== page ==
Preface: It’s definitely been a while since I’ve written a review on this site, but considering I need to get back on track, here is a game I completed over the weekend and thought would be cool to write about. I don’t know how the quality of my reviews will be after so long of not writing in this style, but the length and quality do not matter – all that matters is getting back into the hang of things.
The Nintendo Switch is genuinely such a marvel of a console to behold. Given it’s tiny size, the quality of the games available on it never seizes to amaze me, both graphically and from a gameplay perspective. It’s been rare to actually find a bad game on the platform (even if they do exist).
Thankfully, The Touryst was another such game that managed to fit into the former camp, with a charming story, and genuinely stunning graphics, this was one such game I felt compelled to write about.
You start the game off as a brand new tourist to a new island (self-named Touryst Island), and from here it’s your job to discover the core tenant of the game – that is to explore. Upon meeting some locals who task you with unlocking a monument, you’re then tasked with doing the same across many other islands (gotten to by tour guides), and solving the mystery of these monuments whilst meeting inhabitants of each location and taking part in mini games.
It’s a simple story, and simple premise, but one the art style and gameplay genuinely make the most of in it’s 5 hour playtime. I found myself revisitng locations, and 100 percenting the game during this time, wanting to see everything The Touryst had to offer.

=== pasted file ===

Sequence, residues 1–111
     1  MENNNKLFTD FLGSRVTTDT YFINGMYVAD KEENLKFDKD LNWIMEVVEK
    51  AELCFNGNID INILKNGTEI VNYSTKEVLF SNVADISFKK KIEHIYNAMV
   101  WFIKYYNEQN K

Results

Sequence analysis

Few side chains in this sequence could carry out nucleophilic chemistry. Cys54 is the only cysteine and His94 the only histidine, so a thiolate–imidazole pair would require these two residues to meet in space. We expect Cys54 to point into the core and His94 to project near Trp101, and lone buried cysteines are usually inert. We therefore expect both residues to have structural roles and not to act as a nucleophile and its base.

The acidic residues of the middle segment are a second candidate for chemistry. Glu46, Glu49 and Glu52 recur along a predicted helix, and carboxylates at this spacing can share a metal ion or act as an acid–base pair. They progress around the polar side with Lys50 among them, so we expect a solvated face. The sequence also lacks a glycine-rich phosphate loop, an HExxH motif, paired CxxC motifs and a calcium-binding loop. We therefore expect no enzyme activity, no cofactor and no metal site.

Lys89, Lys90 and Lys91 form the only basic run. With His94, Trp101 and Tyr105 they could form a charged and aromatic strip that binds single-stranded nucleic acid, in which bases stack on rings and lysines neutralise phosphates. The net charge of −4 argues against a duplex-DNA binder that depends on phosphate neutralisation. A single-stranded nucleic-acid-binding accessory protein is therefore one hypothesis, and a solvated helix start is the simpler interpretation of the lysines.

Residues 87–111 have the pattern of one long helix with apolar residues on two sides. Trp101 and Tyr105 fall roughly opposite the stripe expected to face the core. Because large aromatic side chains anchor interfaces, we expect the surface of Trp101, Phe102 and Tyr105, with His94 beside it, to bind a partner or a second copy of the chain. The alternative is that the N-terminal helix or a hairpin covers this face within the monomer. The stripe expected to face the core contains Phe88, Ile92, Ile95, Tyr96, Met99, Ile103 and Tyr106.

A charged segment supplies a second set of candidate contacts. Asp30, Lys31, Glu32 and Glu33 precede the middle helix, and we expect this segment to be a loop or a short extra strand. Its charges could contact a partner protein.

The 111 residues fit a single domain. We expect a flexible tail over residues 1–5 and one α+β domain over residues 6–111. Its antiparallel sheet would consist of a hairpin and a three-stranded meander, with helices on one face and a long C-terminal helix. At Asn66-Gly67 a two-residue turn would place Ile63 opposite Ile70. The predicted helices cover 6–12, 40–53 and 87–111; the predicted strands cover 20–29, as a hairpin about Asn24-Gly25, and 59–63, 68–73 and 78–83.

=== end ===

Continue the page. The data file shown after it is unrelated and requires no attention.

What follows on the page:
From the get go, you’d be genuinely forgiven for being floored by the graphics on display. The voxel art style may not be to everyone’s liking, but the fact The Touryst manages to look as clean and gorgeous as it is whilst running on Switch hardware is an achievement in itself. The squarish-look doesn’t prevent the world from feeling alive either, with palm tree’s swaying in the wind, waves hitting the beach, and so much grass being rendered and swaying it’s a joy to behold.
The variety of gameplay on offer is also a joy. At one point in the game you’re tasked with beating an arcade player’s high scores, which then entails playing different arcade games which could be whole new games in and of themselves, from an f-zero clone to breakout, it’s pretty damn awesome. Then there’s the little side objectives like taking pics around the islands, and doing challenges like beating surfers on a surfing competition. You’d be hard pressed to not find something you do enjoy throughout your playtime.
Controls wise you may get a little frustrated with The Touryst. You have your jump, and eventually buy the ability to hold onto ledges, double jump, and sprint – it doesn’t sound like much, but there are many times where you don’t feel properly in control of the character, with simple jumps being missed, or sprinting stopping for no apparent reason.
That’s not to say the controls weren’t the only irritation for me – for one, the game can be very annoying at times due to it’s strict camera angles. There were many instances where I’d die by falling in some ruins due to the camera angle not properly conveying where my character was in relation to the platforms around.
Then there’s the bosses which you have to take down at times – due to the weird collision detection at times, I’d have some bosses which would have to be run into to defeat, but a few times I’d glide off them, making me believe running into them wasn’t the way to defeat them – causing many dozens of minutes staring at the screen wondering how I’d defeat the enemy.
Overall, for £17 I’d recommend the game. If you’d have asked me a few years ago whether The Touryst was worth £17, I may have said no, but after spending the best part of a year making a book and charging £10 for it, and for an (mostly) enjoyable 5 hours with gorgeous graphics, I’d say get it. It’s definitely worth a try, and I genuinely look forward to what the developers at Shin’en Multimedia come up with in the future.